“How do we educate people for a future we can’t predict?” It’s a question that’s been on my mind a lot lately – and, it turns out, it’s been on Sean Sheppard‘s as well.
Sean is a serial entrepreneur, venture capitalist, and the founder of GrowthX and the GrowthX Academy. He’s someone who’s been steeped in modern sales, marketing and growth hacking methods, so I was excited to get the chance to chat with him recently about the skills he believes will be critical for the coming “Innovation Economy.”
Most of us have the sense that our education systems haven’t kept pace with innovation. In our conversation, Sean explains how deeply behind we’ve fallen:
“The modern education system was developed in the Age of Enlightenment to support the Industrial Revolution of the 19th century as a way to take people off of farms and educate them to work in factories. That’s why there are school bells. They’re meant to mimic factory whistles. That’s why we have the people lined up in desks, in rows, because that’s how an assembly line is constructed.”
As Sean notes, this transition was critical. “In the 1900s, 40 percent of the jobs in this country were farming jobs. Today, only 2 percent are farming jobs.” Moving from an agriculture-driven society to an industrial one required education systems that prepared students for the kinds of jobs that were becoming available.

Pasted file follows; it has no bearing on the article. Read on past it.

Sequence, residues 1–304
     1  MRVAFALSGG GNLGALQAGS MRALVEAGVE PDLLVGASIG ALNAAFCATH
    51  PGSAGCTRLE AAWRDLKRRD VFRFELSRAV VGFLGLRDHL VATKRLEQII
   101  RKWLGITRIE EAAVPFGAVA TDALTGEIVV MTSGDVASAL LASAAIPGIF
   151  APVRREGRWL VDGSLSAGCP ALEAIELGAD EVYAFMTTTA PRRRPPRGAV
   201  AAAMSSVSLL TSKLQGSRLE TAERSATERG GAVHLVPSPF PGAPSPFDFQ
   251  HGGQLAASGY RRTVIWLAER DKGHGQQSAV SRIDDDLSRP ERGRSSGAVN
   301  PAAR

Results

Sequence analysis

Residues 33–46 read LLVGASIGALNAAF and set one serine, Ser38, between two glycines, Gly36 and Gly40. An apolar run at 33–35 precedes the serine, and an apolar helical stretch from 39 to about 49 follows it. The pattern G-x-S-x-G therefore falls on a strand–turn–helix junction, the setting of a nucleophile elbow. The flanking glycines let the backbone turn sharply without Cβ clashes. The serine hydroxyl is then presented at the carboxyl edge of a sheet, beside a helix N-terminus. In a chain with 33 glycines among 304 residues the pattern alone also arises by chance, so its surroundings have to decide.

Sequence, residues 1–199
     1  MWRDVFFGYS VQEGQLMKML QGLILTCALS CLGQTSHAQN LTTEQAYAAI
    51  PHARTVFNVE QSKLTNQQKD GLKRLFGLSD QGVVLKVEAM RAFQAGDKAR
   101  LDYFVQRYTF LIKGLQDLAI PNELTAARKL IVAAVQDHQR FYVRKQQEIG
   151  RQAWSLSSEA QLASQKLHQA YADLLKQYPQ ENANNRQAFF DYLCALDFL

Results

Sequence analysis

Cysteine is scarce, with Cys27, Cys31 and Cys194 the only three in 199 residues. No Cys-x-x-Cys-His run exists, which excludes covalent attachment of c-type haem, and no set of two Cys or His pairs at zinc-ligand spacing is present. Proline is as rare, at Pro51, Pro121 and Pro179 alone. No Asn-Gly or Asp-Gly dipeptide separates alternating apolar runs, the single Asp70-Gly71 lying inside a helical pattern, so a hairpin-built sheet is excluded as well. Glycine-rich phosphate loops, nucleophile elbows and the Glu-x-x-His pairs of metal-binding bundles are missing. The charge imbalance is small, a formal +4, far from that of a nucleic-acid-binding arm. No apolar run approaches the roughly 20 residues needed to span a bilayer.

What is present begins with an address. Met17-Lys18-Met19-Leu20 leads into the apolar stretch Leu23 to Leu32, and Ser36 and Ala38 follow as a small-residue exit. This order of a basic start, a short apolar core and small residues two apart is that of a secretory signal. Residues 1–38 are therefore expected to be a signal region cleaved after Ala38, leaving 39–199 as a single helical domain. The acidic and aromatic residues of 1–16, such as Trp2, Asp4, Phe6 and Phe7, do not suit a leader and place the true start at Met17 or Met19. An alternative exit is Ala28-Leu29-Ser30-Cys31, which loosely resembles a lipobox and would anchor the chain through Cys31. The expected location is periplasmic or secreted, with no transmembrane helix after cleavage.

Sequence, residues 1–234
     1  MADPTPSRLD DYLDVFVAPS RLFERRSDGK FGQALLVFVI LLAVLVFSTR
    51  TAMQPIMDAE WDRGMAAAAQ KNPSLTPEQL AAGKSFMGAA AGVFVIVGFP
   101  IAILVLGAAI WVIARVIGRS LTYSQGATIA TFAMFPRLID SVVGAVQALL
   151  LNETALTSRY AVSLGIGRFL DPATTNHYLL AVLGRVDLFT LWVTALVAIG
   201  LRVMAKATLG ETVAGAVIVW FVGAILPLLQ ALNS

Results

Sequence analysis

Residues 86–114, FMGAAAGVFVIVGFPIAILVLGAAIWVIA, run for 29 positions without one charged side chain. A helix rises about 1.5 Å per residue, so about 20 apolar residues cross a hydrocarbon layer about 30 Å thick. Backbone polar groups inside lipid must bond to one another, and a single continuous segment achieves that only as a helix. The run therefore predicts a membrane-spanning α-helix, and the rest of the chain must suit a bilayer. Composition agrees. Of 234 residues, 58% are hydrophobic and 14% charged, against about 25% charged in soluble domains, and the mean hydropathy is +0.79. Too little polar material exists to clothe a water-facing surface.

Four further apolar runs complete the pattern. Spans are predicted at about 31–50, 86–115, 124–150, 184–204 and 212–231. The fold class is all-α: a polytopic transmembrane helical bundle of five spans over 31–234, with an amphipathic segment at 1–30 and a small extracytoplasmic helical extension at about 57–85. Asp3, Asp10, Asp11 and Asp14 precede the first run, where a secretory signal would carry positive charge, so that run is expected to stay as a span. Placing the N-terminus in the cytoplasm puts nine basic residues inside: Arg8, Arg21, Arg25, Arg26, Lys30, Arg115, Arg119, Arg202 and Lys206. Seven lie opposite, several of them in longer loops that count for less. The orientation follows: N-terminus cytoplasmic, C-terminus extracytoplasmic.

Sean points out that we’re in a similar transition now. “Very soon, 40 to 50 percent of the jobs are going to be replaced by robots and automation. We’re now entering what the World Economic Forum has called the fourth industrial revolution: the ‘Innovation Economy.'”
So what changes do we need to make to prepare for this coming transition? What skills do students and professionals need to practice today to build competency for future jobs? Sean highlights four pillars in particular that form the basis of his approach at GrowthX (I’ll give you a hint – none of them involve getting an MBA or liberal arts degree).
I was happy to hear Sean touch on mindset as one of his four pillars, as it’s something I’ve been hammering into my team at Web Profits. Sean and I agree – the future belongs to those who adopt a growth mindset, rather than a fixed mindset.
None of us can predict with 100% certainty what the future of the Innovation Economy looks like (except maybe Mark Zuckerberg). Limiting yourself with a fixed mindset – one that restricts you to considering things as they are, not as they might be – could prevent you from identifying and taking advantage of opportunities as they arise.
That’s somewhat obvious, but Sean added an important note: “There is no distinction between personal and professional development in the Innovation Economy.” You can’t think of your future performance in terms of your career alone. Embracing the growth mindset Sean suggests means recognizing that every part of yourself – from your work to your health and beyond – can, and should, be improved upon.